This could have been resolved by including "From Setup, under the Administrator section, click on Data Management | Import..." (the same result could be reached by just providing a screenshot).

Don't make your end-users hunt around their screen looking for what you are describing because you skipped a step. For new users, each step is important.

13. Letting documentation become outdated

This is actually an example from our knowledge base (gasp!). Last week, our developer added a button to the interface, but our documentation didn't show that (as of this screenshot).


Fortunately, for all of our users, I just went in and replaced the image with an accurate screenshot — crisis averted. But still, the crime of outdated documentation is serious. Outdated documentation is very frustrating to end-users.

14. Not including a search bar

When it comes to managing knowledge in your business, you need a software program that makes it easy for end-users to search your knowledge hub. That includes having a search bar.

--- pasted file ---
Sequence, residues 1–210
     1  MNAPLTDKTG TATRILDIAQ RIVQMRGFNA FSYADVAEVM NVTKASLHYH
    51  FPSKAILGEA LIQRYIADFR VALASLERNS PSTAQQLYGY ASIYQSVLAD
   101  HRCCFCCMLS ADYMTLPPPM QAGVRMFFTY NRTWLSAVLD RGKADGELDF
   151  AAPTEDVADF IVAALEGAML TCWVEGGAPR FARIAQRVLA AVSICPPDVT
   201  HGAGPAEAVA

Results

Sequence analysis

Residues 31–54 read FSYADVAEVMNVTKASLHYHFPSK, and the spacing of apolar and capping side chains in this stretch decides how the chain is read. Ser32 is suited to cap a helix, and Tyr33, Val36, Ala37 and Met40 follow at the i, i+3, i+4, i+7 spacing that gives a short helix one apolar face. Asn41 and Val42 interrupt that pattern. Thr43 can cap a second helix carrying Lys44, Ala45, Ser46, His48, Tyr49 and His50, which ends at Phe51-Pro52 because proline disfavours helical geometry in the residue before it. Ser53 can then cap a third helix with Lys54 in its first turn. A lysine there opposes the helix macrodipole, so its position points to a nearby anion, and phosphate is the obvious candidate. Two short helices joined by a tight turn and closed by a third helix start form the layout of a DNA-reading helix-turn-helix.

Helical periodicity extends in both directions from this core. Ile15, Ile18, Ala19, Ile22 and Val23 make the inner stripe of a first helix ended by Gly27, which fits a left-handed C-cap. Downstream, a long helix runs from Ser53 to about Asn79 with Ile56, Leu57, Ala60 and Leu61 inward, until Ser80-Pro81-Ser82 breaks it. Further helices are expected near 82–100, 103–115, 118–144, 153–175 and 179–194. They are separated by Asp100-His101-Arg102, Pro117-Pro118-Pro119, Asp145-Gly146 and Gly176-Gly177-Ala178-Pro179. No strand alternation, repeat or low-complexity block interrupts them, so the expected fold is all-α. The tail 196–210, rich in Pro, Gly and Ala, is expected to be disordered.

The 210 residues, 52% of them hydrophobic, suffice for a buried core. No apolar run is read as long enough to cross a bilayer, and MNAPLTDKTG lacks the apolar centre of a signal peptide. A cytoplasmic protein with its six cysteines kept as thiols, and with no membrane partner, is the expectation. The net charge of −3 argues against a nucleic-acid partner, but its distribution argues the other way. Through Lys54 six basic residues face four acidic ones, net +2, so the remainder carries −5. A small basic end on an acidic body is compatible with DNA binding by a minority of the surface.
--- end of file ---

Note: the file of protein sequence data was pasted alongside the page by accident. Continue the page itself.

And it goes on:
It's frustrating for employees when they can't find the guide they need. Make it as easy as possible for your end-users to find an answer on their own. It will help them be more self-sufficient.



Create digital guides that are easy for end-users to follow and scan

Your process documentation is meant to help your end-users handle procedures on your own. If you are falling victim to any of these 14 mistakes, it is making it more difficult for your employees to work independently.

With a ScreenSteps knowledge ops platform and the Find & Follow Framework, we help you write findable, followable, and scannable digital guides. 

The software puts the guides at your employees' fingertips for easy access. Then, when you follow the Find & Follow Framework, you write clear guides that help employees work confidently, efficiently, and independently.

Ready to create digital guides that are easy for your end-users to follow? 

Download our free digital guide template packet. In it, you get five free templates, including standard articles, how-to guides, checklists, and decision trees.

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About Jonathan DeVore

Customer Success